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Family Support
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I have been training for Ironman for four years. I was sidelined by an injury on Christmas Day 2016. I know I am a somewhat slow runner. However, I didn't realize how slow until yesterday. I train with my dog usually, but typically never with anyone else. We decided to go for a run as a family yesterday. My 13 year old daughter and husband took off at a fast pace and never looked back. This was a six mile run on a flat. I couldn't keep up. Not only was it soul crushing for me that they left and didn't pace with me, but that I couldn't keep up.

I have done a tri and many races without my family being there to support me. They DID however come to my Ragnar Race last spring and were super supportive.

I am still angry today which is great right before Christmas. I realize I might have idealized the family run I thought we were going to have. Has anyone else experienced this with their family or friends? What did you do?

I am signed up for Ironman Madison and am now rethinking my registration after yesterday. If I can't keep up on a 6 mile flat, how am I going to be able to do an Ironman in a respectable time?
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Re: Family Support [butterflygal23] [ In reply to ]
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Merry Christmas!!

These are terrible feelings to be having but a few things to note from your post:

* Idealized= you probably nailed it with that statement, it is good that you can recognized that. In the future discuss your vision with your family. Don't let it bother you, if at the end of the run, they were happy and you all got a run in, that is worth embracing. Find your happiness for their achievements, and think back to how far you've come since your injury.

* 6mile pace should be different than your marathon pace- depending on your training this could be why you have endurance and not speed.

* Think about your training load. What did you do the day before or even hours before this run? Is your family also training for an Ironman? (the could be fresher than you are, they may also not have to get another work out in anytime soon, and your legs could be heavy from your training load. Don't be so hard on yourself, think about possible reason why you felt that why; especially if it is not indicative of your prior trying sessions. Hydration/fuel could play a part).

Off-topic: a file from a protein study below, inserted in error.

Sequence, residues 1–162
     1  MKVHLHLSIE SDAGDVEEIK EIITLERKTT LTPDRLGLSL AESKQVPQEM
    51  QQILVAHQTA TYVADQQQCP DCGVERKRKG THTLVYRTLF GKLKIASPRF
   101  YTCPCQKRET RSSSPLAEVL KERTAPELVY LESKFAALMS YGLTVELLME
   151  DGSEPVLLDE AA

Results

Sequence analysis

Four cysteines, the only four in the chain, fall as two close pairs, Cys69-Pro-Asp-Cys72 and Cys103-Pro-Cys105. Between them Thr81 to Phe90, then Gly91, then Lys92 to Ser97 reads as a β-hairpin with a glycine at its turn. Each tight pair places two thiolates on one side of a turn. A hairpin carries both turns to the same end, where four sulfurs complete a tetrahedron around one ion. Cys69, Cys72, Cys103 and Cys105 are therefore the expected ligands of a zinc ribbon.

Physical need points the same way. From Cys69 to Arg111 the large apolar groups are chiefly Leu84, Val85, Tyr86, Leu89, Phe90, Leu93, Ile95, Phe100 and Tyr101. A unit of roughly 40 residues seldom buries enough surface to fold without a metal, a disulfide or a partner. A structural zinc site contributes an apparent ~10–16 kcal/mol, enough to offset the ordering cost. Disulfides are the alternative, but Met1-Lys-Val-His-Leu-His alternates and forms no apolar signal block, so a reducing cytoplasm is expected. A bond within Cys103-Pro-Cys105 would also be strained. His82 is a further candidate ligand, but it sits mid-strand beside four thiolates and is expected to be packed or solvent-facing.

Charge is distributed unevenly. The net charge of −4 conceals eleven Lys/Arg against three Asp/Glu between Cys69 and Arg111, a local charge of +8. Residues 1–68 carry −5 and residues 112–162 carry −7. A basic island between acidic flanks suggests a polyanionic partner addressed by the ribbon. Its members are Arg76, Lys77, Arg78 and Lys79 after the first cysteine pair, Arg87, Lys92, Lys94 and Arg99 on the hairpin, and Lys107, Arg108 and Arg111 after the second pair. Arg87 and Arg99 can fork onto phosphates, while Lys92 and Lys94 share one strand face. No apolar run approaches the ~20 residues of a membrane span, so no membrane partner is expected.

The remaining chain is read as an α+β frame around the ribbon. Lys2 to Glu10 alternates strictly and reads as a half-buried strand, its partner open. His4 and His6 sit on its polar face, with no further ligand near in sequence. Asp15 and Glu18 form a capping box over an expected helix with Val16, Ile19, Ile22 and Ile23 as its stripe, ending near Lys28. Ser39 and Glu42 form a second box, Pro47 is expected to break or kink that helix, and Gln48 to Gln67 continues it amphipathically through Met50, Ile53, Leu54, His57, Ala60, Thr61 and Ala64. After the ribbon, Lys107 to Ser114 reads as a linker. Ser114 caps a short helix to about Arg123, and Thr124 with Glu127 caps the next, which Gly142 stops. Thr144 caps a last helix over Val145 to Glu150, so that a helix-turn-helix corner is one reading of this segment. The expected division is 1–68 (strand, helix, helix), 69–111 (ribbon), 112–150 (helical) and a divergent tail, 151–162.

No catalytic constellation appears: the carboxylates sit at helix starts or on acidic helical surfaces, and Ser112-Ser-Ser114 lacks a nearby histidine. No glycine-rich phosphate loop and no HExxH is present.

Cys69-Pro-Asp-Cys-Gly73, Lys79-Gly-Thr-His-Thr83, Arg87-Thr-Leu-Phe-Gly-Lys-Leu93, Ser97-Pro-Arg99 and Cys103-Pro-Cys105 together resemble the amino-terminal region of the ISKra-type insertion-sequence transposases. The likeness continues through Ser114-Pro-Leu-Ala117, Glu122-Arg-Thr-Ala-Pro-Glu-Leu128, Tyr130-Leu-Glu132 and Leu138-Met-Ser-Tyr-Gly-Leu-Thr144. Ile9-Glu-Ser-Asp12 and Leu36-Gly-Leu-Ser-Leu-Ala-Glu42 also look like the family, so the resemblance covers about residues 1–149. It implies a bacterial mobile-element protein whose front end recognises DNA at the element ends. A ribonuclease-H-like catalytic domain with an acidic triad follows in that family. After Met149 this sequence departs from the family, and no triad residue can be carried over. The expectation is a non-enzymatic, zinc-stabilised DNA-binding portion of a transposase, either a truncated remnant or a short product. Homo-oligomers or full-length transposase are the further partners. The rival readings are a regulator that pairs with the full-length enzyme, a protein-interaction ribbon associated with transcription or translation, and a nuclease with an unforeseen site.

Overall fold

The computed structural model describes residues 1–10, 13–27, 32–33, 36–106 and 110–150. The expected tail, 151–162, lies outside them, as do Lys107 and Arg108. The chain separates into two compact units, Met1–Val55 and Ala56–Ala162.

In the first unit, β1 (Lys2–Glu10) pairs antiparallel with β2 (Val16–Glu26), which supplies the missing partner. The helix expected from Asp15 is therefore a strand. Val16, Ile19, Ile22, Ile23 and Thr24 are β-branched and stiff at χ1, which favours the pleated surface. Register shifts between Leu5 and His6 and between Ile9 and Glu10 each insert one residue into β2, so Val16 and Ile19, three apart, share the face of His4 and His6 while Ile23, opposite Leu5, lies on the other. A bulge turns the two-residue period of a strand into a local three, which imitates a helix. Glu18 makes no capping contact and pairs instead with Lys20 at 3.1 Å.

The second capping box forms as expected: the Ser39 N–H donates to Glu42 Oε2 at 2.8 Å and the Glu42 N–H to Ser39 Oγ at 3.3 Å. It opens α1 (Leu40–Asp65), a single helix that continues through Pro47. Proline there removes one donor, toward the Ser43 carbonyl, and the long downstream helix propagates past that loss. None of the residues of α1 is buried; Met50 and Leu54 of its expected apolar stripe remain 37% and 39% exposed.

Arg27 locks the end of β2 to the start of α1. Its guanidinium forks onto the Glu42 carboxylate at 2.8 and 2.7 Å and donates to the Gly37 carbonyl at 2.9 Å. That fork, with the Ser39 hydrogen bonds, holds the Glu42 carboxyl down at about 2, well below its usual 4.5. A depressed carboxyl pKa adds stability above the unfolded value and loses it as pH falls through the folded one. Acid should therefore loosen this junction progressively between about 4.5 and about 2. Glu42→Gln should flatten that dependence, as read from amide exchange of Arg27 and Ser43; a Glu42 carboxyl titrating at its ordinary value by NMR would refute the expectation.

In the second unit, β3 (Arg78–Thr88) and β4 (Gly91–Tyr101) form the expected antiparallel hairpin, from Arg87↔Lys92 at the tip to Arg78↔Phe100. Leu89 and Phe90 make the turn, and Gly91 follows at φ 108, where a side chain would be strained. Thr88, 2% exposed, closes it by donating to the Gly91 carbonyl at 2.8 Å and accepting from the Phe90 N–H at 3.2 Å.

* Holiday= emotion, stress- breathe, it will be okay. Sleep, fueling are usually off during this time period.

* 4 years commitment to this race, do not let a bad day take away all of your effort. Say you are not where you want to be,acknowledge that. Now, think about what you need to do, to get to where you want to be, you still have a few months to put in some steady healthy work. Focus on getting one day at time done, not the overall goal.

* Respectable Time- Finish an Ironman is respectable. Hard is hard, no matter how fast you go, everyone is struggling with their own efforts. Believe in yourself, and just keep putting one foot in front of the other.

* Be nice to yourself, you are courageous for attempting this, even professionals do not show up at every race on top. You and your family will be proud of you by showing up to the line, for fighting for a goal you wanted.

Congratulations on having a family that can run, and that was willing to run with you even if your mad you couldn't keep up, let it motivate you to keep working for your goals.

Try to find the positive in your progress, if you accomplish what your not sure you can; you will be amazed at the confidence it will bring you in so many other parts of your life.

Keep at it girl, I am cheering for you!!
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Re: Family Support [butterflygal23] [ In reply to ]
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So, I'm not sure I'm reading this the right way.

You said you idealized a family run, but your family took off and left you to run at your own comfortable pace.